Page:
The huge Pueblo Galisteo was the last and one of the least extensively excavated of the sites studied by Nels C. Nelson in 1912 (Nelson 1914:103–112)—he dug “only” 25 rooms.
It is one of the signature sites of the Galisteo Basin, as is clearly reflected in its name. The pueblo (LA 26) was almost completely constructed of adobe. A few stone wall base alignments are visible, but the site is primarily manifested by very large adobe mounds. In contrast, on the rock promontory above the adobe pueblo and across the Rio Galisteo is its ancestral site, Pueblo Las Madres (LA 25), largely constructed of stone.
Pueblo Galisteo has a large footprint—there was little topography to constrain its size. Nelson estimated a total of 1,580 rooms in 26 separate roomblocks, six of which appear to be remnants of the historic period. As mapped by Nelson, the earlier roomblocks are oriented north-south, while the later blocks are on a southeast-northwest axis. For being nearly all adobe, the mounds are quite tall, some on the east nearly 2.5 m high.
Including Las Madres, which had 60 rooms, Pueblo Galisteo had at least four temporal phases: establishment at Las Madres in the 1200s (probably also El Pipo, see below); movement to the valley floor below, establishing the western adobe roomblocks; continued large-scale occupation after the arrival of the Spaniards, with establishment of the large church; and the post revolt period, with reduced occupation and construction of a smaller church to replace the one destroyed in the revolt and which served the dwindling, reoccupied pueblo until the 1780s (Kessell 1980:232–234). Two Spanish missions were established by Fray Alonso Peinado in 1610–1611 at Pueblos San Marcos and Galisteo. Nelson (1914:107) notes that Spanish chronicles describe a “handsome temple,” which he nonetheless had difficulty finding. OAS mapped in the area of Nelson’s Mound XXIII and are quite confident that that is the location of the churches based on consultation with James Ivey and Cordelia Snow. They believe that they have identified the location of the bell tower (bell towers?) and the apse. An overlay of other mission plans on this area fits quite nicely. Ceramics include all of the Rio Grande Glaze groups (A to F), and except for brief periods, the site was occupied from the last half of the 1200s to 1794.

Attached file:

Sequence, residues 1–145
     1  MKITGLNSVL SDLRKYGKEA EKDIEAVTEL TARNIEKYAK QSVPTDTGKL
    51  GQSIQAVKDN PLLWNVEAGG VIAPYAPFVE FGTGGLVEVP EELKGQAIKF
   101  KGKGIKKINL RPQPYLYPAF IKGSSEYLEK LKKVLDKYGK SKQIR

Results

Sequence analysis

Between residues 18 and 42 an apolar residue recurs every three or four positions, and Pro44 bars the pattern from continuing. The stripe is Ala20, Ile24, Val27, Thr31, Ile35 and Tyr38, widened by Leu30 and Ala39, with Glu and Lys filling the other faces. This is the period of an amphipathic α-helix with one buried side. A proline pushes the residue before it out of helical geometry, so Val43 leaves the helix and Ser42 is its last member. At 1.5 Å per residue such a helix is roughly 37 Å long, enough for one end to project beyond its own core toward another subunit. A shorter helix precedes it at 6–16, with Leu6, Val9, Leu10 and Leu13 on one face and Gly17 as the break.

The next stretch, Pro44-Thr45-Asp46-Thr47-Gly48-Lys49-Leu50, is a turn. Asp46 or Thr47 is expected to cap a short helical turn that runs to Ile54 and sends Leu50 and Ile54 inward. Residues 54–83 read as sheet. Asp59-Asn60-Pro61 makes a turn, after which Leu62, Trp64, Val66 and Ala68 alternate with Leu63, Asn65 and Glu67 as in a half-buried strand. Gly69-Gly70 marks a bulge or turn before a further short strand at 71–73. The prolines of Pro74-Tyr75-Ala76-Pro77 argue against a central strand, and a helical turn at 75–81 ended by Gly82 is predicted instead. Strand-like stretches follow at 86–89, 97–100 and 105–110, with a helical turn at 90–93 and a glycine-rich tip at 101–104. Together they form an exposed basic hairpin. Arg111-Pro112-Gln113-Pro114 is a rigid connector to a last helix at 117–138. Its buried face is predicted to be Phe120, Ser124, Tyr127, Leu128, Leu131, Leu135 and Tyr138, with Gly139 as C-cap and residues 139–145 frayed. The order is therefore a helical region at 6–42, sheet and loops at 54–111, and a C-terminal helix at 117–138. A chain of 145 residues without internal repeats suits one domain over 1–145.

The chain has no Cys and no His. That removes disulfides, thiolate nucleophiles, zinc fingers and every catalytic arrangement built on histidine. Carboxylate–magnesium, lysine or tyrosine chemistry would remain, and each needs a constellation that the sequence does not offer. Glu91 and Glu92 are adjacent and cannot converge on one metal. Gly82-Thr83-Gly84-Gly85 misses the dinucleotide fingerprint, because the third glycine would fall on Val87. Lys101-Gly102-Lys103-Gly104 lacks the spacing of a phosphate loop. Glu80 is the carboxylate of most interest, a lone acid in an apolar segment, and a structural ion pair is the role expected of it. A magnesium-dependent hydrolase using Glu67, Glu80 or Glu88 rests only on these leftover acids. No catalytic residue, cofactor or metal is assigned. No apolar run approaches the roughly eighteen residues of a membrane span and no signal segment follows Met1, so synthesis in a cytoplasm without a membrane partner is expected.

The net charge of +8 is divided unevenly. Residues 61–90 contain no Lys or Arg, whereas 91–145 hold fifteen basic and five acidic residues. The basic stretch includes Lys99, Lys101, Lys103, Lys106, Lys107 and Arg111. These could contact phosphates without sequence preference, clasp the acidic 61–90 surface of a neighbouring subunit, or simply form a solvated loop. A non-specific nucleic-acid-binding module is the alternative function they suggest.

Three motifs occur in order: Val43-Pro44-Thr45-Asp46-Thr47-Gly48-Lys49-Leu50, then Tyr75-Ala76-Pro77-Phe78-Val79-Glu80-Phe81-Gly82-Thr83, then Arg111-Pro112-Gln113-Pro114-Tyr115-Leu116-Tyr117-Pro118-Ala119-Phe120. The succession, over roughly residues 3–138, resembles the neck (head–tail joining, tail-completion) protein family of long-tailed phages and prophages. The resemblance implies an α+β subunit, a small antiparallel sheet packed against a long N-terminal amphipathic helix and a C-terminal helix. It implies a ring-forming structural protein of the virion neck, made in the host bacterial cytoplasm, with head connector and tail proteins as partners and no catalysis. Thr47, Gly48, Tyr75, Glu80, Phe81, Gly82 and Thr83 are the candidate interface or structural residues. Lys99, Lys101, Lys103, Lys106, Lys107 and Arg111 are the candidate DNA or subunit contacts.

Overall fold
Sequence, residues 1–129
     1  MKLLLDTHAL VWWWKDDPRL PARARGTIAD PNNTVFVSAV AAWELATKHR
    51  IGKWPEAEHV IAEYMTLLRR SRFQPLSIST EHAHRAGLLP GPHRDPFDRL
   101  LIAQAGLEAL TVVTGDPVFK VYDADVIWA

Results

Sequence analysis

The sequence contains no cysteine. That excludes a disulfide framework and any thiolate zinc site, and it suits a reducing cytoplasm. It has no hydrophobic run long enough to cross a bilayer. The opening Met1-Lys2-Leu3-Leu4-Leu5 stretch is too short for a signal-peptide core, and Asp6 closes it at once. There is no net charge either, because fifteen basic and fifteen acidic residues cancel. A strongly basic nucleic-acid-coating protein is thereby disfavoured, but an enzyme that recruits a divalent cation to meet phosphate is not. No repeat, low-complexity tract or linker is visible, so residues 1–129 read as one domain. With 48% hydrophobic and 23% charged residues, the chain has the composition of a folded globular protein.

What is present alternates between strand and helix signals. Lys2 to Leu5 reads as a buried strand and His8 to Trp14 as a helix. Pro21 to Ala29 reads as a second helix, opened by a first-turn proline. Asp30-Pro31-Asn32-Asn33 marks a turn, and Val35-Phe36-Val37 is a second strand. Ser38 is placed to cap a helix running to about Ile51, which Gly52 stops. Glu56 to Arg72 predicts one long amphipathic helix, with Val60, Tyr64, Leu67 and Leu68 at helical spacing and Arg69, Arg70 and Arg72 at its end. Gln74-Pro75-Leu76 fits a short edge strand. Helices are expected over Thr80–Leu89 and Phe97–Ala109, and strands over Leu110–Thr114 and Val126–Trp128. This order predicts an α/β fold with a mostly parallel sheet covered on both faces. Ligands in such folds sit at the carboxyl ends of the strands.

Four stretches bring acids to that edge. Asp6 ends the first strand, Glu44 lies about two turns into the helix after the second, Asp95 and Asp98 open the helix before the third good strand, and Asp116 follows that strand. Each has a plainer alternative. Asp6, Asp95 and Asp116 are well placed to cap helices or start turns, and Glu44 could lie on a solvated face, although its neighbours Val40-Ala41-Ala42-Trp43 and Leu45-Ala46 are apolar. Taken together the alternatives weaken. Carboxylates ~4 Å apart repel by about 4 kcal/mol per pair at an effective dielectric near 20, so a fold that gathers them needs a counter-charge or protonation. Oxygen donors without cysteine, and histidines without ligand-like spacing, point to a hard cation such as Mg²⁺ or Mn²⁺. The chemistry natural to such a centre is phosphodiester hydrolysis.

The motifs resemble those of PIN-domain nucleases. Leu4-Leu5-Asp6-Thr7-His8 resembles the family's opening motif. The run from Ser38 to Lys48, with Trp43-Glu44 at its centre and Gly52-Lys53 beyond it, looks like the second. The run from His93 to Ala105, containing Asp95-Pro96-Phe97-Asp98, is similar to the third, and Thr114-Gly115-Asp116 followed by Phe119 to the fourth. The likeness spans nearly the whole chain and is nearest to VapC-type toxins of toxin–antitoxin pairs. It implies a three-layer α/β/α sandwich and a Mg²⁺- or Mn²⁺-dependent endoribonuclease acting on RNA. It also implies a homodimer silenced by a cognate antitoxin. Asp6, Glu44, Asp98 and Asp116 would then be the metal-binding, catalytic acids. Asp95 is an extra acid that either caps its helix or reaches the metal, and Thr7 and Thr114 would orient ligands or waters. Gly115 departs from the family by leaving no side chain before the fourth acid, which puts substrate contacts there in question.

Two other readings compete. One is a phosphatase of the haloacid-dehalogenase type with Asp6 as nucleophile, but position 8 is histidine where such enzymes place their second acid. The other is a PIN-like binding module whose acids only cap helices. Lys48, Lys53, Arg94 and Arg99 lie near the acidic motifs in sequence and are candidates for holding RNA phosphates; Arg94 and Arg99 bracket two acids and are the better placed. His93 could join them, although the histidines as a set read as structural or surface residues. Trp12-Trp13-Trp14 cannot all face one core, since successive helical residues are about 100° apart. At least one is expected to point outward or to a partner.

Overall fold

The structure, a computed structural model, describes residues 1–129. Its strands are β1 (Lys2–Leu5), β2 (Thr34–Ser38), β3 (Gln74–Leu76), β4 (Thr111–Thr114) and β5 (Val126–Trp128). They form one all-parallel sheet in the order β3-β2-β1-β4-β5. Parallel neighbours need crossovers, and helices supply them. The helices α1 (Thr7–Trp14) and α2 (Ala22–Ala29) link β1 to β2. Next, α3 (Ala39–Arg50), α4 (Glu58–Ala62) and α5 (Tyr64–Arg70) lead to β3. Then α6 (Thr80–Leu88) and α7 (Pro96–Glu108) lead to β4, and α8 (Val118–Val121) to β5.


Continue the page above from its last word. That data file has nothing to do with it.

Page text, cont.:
Galisteo is probably the best historically documented of the GBASPA sites. Early Spanish documents frequently mention Pueblo Galisteo, which has been tentatively identified as Pueblo Ximena, which was still occupied in 1540 when visited by Coronado. Castaño de Sosa saw the village in 1590 and called it San Lucas. Oñate visited the pueblo in 1598 and renamed it Santa Ana, but the name was changed to Santa Cruz de Galisteo. The pueblo participated in the Pueblo Revolt in 1680 and was abandoned when the populace, fearing reprisals, moved to Santa Fe, where they stayed until 1693, yielding the city to Don Diego de Vargas after a bitter fight. Many were killed or sold into slavery by de Vargas. In 1706 Governor Cuevo y Valdes collected the remnants, then living at Tesuque, and reestablished the pueblo under the name of Santa María de Galisteo. Ninety Tano Indians were moved at that time. In 1782 there were 52 families, but by 1794, smallpox and Comanche raids forced its inhabitants to move to Santo Domingo Pueblo.
Pueblo Galisteo is one of several Galisteo pueblos where the Spanish established missions with churches. This photo shows a project conducted by the Office of Archaeological Studies mapping the church area.
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